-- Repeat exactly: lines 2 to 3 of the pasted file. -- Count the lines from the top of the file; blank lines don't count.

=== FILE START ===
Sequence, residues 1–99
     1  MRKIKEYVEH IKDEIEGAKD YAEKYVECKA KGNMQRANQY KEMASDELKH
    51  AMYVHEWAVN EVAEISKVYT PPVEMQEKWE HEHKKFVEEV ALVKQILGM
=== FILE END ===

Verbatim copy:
     1  MRKIKEYVEH IKDEIEGAKD YAEKYVECKA KGNMQRANQY KEMASDELKH
    51  AMYVHEWAVN EVAEISKVYT PPVEMQEKWE HEHKKFVEEV ALVKQILGM